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opinion

A worker walks on stacks of lumber at Delta Cedar Products mill in Delta, B.C., on Aug. 24.DARRYL DYCK/The Globe and Mail

Michel Kelly-Gagnon is president and chief executive officer of the Montreal Economic Institute

Anthony B. Kim is Research Fellow in Economic Freedom at the Washington-based Heritage Foundation

Lingering supply chain problems, increased cost of materials and labour shortages are putting upward pressure on house prices in the United States, which are 20 per cent higher than they were a year ago. With housing affordability threatened, American home builders are asking the Biden administration to temporarily lift tariffs on building materials such as steel and lumber from China and Canada.

In recent years, duties on Canadian softwood lumber have gone on quite a ride, rising to 20.2 per cent in 2017 and then coming back down to 8.9 per cent in 2020. However, in May of this year, the U.S. Commerce Department announced it was taking steps to substantially increase tariffs on Canadian softwood lumber imports once again. In late November, the Commerce Department announced that the average tariff will double, back up to 17.9 per cent.

These tariffs act as a tax on American homes, driving up costs for builders (and hence buyers) and exacerbating price volatility. In addition, volatile lumber prices skyrocketed this past year, adding almost US$36,000 to the cost of a new single-family home. Factor in supply chain issues, and it’s no surprise home-building has slowed. The gap between houses under construction and completed houses was the largest on record in September.

Ultimately, these duties benefit only American lumber producers, who seek to protect their market share. For decades, they have accused Canadian producers of taking advantage of the United States by “dumping” low-priced lumber. Canadian lumber producers, however, have been cleared of this charge every time by international trade arbiters. The U.S. International Trade Commission has found that Canadian lumber imports are not a threat to the American industry, so there’s no justification for slapping duties on them.

American lobbyists are good at getting what they want, but tariffs are a lousy way to treat any trading partner, much less a close friend and ally.

Moreover, jacking up duties on Canadian lumber will result in thousands of job losses in both countries, whether it’s American home builders or Canadian sawmill workers. These individuals should not be put out of work just to line the pockets of U.S. lumber producers – especially now, when both economies are grappling with the economic effects of COVID-19.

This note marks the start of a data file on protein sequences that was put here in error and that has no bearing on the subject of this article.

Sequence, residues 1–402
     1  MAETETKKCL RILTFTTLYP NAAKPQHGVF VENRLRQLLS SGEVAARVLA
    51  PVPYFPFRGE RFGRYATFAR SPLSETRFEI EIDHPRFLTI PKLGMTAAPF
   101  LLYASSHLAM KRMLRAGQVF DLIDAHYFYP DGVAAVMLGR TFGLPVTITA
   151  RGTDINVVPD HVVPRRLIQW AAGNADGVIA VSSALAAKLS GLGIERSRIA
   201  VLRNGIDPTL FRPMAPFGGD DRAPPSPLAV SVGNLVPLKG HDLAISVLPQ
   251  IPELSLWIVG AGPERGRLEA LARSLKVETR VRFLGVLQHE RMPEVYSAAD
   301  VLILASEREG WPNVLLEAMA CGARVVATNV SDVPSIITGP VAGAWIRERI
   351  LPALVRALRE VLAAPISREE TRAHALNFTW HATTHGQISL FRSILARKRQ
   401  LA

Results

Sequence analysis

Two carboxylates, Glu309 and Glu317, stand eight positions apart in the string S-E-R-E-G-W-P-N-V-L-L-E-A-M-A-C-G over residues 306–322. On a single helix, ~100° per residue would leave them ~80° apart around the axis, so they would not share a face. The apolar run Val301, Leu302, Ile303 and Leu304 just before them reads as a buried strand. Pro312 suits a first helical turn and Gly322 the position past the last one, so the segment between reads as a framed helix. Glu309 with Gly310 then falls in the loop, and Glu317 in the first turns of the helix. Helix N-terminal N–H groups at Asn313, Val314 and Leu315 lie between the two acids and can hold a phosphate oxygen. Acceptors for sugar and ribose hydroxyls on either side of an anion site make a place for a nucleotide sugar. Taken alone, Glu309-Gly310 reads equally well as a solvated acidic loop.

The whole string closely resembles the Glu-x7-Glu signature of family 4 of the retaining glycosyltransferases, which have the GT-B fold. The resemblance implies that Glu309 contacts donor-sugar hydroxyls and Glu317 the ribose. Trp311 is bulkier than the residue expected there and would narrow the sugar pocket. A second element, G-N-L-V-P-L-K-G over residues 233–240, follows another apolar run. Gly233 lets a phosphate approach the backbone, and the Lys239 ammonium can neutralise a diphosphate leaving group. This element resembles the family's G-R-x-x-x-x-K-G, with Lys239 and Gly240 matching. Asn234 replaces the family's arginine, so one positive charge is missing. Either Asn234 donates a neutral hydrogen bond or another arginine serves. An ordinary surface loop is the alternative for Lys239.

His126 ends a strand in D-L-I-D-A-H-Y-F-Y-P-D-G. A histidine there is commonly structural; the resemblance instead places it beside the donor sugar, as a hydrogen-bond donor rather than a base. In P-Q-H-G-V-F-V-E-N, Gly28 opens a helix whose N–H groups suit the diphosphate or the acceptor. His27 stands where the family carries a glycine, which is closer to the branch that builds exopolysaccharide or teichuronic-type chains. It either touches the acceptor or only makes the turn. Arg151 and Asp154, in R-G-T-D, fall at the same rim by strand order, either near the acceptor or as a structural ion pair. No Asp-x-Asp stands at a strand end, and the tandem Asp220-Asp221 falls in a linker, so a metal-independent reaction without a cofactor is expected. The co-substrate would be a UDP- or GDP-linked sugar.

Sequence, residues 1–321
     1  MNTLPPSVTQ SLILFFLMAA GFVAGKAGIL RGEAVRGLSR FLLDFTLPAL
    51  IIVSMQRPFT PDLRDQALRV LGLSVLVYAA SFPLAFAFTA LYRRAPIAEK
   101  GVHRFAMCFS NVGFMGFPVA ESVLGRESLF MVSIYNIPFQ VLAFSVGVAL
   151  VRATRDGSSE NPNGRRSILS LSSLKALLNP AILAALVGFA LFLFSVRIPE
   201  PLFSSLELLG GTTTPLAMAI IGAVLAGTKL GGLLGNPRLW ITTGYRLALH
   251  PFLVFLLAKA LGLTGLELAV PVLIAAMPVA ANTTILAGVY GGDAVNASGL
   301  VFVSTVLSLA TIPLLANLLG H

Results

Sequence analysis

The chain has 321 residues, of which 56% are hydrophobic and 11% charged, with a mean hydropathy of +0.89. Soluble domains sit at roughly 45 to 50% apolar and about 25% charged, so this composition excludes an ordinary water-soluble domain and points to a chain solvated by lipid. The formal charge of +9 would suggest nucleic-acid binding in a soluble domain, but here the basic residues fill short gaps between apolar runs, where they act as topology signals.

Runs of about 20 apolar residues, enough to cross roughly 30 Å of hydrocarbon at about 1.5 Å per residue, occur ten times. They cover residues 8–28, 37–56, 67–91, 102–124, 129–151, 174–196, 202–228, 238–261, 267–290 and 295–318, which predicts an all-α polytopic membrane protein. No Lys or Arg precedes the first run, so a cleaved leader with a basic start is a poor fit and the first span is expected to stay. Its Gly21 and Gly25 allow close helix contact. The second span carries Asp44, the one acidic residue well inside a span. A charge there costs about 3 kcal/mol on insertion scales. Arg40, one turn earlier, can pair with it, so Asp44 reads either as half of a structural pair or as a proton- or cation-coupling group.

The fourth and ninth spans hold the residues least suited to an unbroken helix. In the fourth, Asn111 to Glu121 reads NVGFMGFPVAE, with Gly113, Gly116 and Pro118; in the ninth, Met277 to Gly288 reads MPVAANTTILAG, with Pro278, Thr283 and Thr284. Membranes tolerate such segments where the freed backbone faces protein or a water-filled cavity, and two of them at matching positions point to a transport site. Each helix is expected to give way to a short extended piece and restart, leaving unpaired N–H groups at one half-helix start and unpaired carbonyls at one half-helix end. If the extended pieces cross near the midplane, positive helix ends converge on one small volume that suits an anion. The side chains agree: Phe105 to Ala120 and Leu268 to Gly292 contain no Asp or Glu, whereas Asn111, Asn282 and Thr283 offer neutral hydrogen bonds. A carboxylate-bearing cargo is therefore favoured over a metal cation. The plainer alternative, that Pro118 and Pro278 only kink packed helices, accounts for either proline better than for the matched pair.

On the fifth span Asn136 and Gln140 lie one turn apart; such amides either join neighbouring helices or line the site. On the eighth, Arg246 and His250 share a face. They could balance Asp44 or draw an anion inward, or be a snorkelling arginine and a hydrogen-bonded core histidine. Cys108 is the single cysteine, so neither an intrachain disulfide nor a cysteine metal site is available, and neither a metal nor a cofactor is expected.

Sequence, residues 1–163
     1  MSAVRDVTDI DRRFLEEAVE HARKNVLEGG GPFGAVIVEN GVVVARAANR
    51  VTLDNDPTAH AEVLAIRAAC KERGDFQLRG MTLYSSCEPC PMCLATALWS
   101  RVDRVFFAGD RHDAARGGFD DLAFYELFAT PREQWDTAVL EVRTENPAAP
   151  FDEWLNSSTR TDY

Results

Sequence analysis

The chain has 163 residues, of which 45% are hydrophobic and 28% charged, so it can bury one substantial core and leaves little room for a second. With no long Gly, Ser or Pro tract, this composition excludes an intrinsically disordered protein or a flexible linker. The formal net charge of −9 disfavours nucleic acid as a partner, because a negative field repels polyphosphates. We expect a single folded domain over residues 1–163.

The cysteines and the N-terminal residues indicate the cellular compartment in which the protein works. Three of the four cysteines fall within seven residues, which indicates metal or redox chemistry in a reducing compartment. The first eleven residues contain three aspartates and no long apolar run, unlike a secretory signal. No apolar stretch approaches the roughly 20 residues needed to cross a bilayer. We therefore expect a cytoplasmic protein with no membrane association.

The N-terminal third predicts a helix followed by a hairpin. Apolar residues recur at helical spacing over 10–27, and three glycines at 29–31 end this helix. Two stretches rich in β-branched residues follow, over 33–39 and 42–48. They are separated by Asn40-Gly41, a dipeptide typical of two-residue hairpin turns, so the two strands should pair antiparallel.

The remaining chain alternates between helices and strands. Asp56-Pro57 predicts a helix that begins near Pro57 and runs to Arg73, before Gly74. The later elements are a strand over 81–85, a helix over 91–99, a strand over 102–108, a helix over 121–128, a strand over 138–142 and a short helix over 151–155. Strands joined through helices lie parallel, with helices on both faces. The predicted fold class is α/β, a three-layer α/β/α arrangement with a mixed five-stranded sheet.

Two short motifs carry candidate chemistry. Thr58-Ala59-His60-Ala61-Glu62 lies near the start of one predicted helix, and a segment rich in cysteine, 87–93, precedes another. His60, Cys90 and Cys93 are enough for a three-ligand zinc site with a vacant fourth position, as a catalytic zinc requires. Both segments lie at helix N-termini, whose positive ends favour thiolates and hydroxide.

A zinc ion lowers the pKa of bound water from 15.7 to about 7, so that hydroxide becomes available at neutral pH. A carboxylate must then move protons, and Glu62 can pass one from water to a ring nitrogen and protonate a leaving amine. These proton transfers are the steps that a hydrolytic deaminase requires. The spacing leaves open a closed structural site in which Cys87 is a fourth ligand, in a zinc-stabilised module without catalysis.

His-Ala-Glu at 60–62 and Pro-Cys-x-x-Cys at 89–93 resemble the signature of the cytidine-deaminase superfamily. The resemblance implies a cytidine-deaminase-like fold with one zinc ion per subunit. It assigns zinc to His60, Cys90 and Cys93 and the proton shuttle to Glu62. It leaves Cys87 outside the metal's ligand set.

When thinking of home builders, it’s easy to picture large developers, but the majority of National Association of Home Builders members start 10 or fewer homes a year, and about half of them have five or fewer employees. In other words, it’s mostly small employers, not faceless corporations, that are suffering. And with governments tending to impose tariffs on materials that go into life’s necessities, such as food, clothing and shelter, it’s everyday consumers who are hurt the most.

It’s no surprise, then, that countries with fewer trade restrictions are more prosperous than those that restrict trade. According to The Heritage Foundation’s latest annual Index of Economic Freedom, the United States isn’t even in the top 10 freest economies in the world. At No. 20, there’s a lot of room for improvement, if the Biden administration is looking for something useful to do.

To be fair, at the recent G20 summit, the U.S. President announced plans to ease tariffs on steel and aluminum coming from the European Union. Commerce Secretary Gina Raimondo expressed confidence that the move will ease supply chain pressures, drive down cost increases, and be beneficial for American manufacturers who use these materials in their products.

The move is also expected to ease some of the tension on the strained trans-Atlantic relationship between the U.S. and the EU. But what about the relationship with Canada? And what about cost relief for millions of American home buyers? The lumber tariff increases will hit American consumers hard, as lumber costs today remain nearly double what they were before the pandemic.

Mr. Biden has committed to trade policies that protect and empower American workers. Well, in 2019, more than 4.4 million Americans made their living in residential construction. These jobs – and the dream of homeownership for many Americans – are directly attacked by import duties. Moreover, as noted by The Wall Street Journal in an editorial on Nov. 29, this type of measure flies in the face of the expressed desire of the Biden administration to fight inflation.

In our uncertain world, Canada and the United States remain strong allies and crucial trading partners. In 2019, Canada was the third-largest supplier of goods imported to the U.S., and the second-largest supplier of agricultural products. And it goes both ways – Canada is also the second-largest export market for American agricultural products.

Just as with steel and aluminum, the Biden administration should roll back tariffs on softwood lumber from Canada. There are enough economic and trade troubles in the world today. The mutually beneficial Canada-U.S. relationship should not become one of them.

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